Loreche-Amit vs. Cagayan De Oro Medical Center, Inc.

G.R. No. 216635. June 3, 2019.


Corporate Officers


To be considered as a corporate officer, the designation must be either provided by the Corporation Code or the by-laws of the corporation


Dr. Mary Jean P. Loreche-Amit (petitioner) started working with Cagayan De Oro Medical Center, Inc. (CDMC), sometime in May 1996, when she was engaged by the late Dr. Jose N. Gaerlan (Dr. Gaerlan) as Associate Pathologist in the Department of Laboratories. Upon the demise of Dr. Gaerlan, CDMC’s Board of Directors formally appointed petitioner as Chief Pathologist for five years or until May 15, 2011.

On June 13, 2007, (CDMC’s) Board of Directors passed a resolution, recalling petitioner’s appointment as Chief Pathologist. This prompted petitioner to file a complaint for illegal dismissal, contending that she was dismissed by CDMC from her work without just cause and due process.

The Labor Arbiter dismissed the case for lack of jurisdiction on the ground that since the  petitioner is a corporate officer of the hospital because of her appointment by the Board of Directors through a resolution; thus, matters relating to the propriety of her dismissal is under the jurisdiction of the Regional Trial Court (RTC) under Section 5.2 of Republic Act (R.A.) No. 8799 (The Securities Regulation Code of the Philippines). The NLRC affirmed the ruling of the Labor Arbiter. 


Petitioner argues that she is not a corporate officer because her position as Pathologist is not among those included in the by-laws of CDMC.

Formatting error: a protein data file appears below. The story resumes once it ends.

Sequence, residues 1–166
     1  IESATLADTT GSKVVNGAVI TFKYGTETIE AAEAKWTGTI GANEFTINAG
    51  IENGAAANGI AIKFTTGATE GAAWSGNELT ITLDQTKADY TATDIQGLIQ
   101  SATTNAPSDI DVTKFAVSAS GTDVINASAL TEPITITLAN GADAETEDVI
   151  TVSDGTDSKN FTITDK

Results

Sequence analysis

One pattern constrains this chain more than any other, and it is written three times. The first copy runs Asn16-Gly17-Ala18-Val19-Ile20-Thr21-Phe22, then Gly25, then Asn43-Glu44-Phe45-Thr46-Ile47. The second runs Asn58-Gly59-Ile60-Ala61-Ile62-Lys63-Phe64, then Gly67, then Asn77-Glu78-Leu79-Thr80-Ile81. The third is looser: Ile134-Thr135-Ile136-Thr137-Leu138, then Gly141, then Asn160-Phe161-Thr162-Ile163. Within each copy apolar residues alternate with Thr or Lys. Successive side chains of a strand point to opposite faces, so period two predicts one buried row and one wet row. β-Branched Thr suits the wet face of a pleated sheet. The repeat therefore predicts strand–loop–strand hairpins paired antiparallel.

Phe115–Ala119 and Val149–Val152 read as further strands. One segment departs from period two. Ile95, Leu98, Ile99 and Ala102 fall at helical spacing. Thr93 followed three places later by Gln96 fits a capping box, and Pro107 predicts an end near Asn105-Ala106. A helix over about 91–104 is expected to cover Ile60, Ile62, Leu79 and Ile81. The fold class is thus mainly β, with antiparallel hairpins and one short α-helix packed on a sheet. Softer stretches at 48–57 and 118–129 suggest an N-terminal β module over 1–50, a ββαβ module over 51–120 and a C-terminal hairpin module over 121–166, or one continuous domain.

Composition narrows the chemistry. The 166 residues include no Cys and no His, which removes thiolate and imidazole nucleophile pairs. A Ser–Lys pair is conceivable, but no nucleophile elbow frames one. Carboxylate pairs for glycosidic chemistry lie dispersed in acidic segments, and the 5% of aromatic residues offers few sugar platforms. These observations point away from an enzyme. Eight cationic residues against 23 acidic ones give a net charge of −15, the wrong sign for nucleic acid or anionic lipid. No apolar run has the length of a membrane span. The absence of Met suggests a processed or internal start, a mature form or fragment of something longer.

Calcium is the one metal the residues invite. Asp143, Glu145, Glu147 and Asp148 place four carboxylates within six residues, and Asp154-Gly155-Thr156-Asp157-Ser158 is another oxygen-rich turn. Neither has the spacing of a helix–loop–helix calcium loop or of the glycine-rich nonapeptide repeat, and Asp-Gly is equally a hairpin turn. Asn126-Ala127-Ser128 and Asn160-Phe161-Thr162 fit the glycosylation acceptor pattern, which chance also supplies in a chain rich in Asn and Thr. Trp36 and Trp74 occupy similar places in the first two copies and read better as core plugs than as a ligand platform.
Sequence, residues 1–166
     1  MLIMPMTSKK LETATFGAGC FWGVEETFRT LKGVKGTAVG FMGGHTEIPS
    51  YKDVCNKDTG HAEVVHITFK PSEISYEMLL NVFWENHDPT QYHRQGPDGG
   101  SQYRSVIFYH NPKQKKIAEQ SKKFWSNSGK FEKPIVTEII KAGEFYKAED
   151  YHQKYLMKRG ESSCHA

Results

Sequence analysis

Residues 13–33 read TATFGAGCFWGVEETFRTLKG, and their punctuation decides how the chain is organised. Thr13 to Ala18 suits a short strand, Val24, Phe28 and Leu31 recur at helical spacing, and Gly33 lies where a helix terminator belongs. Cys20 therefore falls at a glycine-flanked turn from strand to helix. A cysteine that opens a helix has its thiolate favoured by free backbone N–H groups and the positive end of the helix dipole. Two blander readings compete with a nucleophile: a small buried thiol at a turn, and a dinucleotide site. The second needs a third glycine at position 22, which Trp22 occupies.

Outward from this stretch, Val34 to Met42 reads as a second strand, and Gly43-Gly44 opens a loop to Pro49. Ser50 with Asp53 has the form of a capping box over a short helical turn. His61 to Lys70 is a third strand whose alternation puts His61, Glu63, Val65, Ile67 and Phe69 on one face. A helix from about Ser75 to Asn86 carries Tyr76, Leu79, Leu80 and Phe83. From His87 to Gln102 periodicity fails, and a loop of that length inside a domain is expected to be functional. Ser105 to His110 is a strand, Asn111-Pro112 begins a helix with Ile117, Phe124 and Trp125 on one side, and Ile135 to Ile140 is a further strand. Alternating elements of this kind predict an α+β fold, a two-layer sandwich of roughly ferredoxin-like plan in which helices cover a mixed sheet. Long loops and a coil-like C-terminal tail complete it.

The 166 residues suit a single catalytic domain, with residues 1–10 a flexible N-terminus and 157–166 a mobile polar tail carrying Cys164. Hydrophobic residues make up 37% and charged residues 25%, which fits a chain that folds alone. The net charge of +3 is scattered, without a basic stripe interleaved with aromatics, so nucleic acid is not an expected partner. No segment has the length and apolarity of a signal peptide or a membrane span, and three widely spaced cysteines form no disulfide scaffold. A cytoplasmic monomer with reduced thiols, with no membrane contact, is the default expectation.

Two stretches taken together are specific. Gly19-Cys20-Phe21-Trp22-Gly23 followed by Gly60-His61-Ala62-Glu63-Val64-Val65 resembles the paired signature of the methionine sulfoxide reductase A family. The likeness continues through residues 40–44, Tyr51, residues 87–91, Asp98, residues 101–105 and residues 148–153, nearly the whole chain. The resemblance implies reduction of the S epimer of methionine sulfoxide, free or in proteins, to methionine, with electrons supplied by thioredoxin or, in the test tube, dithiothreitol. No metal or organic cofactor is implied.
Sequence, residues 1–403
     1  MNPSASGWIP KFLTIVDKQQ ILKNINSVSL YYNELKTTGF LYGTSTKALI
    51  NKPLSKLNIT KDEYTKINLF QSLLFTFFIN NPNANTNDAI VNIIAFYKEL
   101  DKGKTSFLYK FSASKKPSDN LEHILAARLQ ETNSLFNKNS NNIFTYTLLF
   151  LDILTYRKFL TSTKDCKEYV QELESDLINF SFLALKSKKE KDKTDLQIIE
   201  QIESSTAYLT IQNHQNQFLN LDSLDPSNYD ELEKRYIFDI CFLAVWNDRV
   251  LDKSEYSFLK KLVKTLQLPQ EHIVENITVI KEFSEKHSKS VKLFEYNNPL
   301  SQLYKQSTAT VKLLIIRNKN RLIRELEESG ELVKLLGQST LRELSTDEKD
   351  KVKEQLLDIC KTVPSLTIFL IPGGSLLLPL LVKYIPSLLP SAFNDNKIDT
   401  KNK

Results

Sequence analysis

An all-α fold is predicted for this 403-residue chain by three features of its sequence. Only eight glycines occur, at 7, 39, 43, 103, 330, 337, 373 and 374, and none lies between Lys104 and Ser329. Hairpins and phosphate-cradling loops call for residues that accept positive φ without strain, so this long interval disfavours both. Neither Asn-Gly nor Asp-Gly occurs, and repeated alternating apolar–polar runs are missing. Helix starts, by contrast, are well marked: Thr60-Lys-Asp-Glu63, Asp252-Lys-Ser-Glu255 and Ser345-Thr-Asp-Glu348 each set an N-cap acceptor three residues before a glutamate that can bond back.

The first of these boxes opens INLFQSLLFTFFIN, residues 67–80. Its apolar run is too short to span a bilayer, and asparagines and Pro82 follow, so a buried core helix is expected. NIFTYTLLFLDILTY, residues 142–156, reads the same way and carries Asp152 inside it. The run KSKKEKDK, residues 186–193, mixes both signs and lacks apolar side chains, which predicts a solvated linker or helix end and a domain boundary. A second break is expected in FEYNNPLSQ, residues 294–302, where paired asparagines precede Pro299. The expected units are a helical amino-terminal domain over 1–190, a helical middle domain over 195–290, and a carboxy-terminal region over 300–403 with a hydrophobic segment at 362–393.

(1) Whether or not Dr. Mary Jean P. Loreche-Amit (petitioner) is not a corporate officer because her position as Pathologist is not among those included in the by-laws of CDMC.

(2) Whether or not the labor tribunals have jurisdiction over the complaint for illegal dismissal filed by petitioner.


(1) Yes. To be considered as a corporate officer, the designation must be either provided by the Corporation Code or the by-laws of the corporation. In this case, nowhere in the records could the by-laws of CDMC be found. An appointment through the issuance of a resolution by the Board of Directors does not make the appointee a corporate officer. It is necessary that the position is provided in the Corporation Code or in the by-laws. In the absence of the by-laws of CDMC, there is no reason to conclude that petitioner, as Pathologist, is considered as a corporate officer. 

(2) Yes. the RTC does not have jurisdiction over the case as there was no intra-corporate controversy, the latter being operative in vesting jurisdiction upon Regional Trial Courts over all controversies in the election or appointment of directors, trustees, officers or managers of corporations, partnerships or associations. 

However, there is no existing employee-employer relationship. As the Labor Arbiter, NLRC, and the CA aptly observed, petitioner was working for two other hospitals aside from CDMC, not to mention those other hospitals which she caters to when her services are needed. Such fact evinces that petitioner controls her working hours. The rule is that where a person who works for another performs his job more or less at his own pleasure, in the manner he sees fit, not subject to definite hours or conditions of work, and is compensated according to the result of his efforts and not the amount thereof, no employer-employee relationship exists. 

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